By now, most of us are accustomed to the tedious but familiar procedures of airport security: wait in mile-long line, take off shoes, pull out quart-size plastic bag of 3.4-ounce liquids and gels, place metal items in tray, step through scanner, fumble to put belongings back in order while shuffling around in untied shoes. But wouldn’t it be great if we could cut out a few of those steps?
Within a few years, maybe we can — thanks to a couple of up-and-coming security screening devices.
The Associated Press reports that a new bottled liquid scanner, now being tested in New Mexico by the Homeland Security Advanced Research Projects Agency, could be a more effective way for airport security screeners to identify liquid explosives. The scanner uses magnetic resonance to determine the molecular makeup of liquids, and is so sensitive that it can distinguish between red and white wine, says the AP. A machine this advanced could potentially make the TSA’s confusing liquid and gel restrictions obsolete, and allow air travelers to once again bring water bottles or full-size tubes of toothpaste through the security checkpoint.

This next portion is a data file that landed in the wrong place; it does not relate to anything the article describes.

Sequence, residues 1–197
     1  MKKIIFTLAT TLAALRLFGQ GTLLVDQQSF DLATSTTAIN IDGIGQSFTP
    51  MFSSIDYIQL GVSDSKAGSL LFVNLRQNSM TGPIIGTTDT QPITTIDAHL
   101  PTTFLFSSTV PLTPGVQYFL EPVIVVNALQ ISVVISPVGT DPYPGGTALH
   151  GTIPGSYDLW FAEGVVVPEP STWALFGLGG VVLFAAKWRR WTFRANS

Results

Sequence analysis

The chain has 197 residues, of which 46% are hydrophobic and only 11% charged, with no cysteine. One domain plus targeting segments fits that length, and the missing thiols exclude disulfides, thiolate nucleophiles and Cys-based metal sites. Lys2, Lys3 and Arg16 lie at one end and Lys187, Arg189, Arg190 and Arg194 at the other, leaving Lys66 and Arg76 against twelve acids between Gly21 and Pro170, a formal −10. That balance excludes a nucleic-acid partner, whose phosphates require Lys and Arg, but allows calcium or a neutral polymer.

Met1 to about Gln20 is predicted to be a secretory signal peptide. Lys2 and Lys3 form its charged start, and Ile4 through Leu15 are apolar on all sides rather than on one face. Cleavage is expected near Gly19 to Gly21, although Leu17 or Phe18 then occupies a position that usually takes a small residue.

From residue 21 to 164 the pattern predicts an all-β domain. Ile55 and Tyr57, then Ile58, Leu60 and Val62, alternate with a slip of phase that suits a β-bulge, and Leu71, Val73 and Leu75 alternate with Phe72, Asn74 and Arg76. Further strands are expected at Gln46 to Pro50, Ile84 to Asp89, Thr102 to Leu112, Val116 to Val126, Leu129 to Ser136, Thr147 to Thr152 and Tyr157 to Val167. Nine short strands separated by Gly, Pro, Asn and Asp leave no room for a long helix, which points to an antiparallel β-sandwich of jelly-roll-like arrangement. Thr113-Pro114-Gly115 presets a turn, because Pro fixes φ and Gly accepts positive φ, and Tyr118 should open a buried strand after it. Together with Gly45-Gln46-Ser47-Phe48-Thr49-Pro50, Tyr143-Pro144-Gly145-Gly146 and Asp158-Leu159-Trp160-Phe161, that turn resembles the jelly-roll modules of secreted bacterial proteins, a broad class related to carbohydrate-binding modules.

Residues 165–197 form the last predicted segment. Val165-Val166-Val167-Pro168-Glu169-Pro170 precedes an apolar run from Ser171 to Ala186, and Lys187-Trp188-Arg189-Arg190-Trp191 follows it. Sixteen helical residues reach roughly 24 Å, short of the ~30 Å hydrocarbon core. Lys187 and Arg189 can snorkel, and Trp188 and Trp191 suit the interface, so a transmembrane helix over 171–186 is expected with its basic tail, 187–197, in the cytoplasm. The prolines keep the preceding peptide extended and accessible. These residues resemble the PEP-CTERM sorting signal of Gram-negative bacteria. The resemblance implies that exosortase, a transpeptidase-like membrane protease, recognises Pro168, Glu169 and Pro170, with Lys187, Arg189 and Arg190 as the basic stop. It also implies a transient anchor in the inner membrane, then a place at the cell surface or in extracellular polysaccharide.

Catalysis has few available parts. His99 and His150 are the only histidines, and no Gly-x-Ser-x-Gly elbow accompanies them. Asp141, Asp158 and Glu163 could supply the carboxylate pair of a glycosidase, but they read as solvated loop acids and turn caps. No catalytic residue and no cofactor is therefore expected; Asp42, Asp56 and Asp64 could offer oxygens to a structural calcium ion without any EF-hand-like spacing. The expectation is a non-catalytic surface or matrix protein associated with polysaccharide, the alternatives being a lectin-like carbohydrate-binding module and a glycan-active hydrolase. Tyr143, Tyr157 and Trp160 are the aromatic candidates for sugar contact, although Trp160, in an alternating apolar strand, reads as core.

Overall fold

While the new liquid scanner is probably still a few years away from being implemented in U.S. airports, another innovative security device, the MagShoe, has been used for several years at Tel Aviv’s Ben-Gurion International Airport and was recently tested at an unidentified airport in Western Europe. The MagShoe is one of several machines designed to scan travelers’ feet and ankles for metal without necessitating the removal of shoes.
The TSA has tested similar technologies in the past without success, but announced earlier this year that it would give the latest crop of shoe-scanning devices a try, reports USA Today. Unsurprisingly, the TSA notes that many travelers find removing their shoes to be the biggest hassle of the screening procedure.
Will the U.S. will eventually adopt any of these new technologies? We’ll keep you posted.
–written by Sarah Schlichter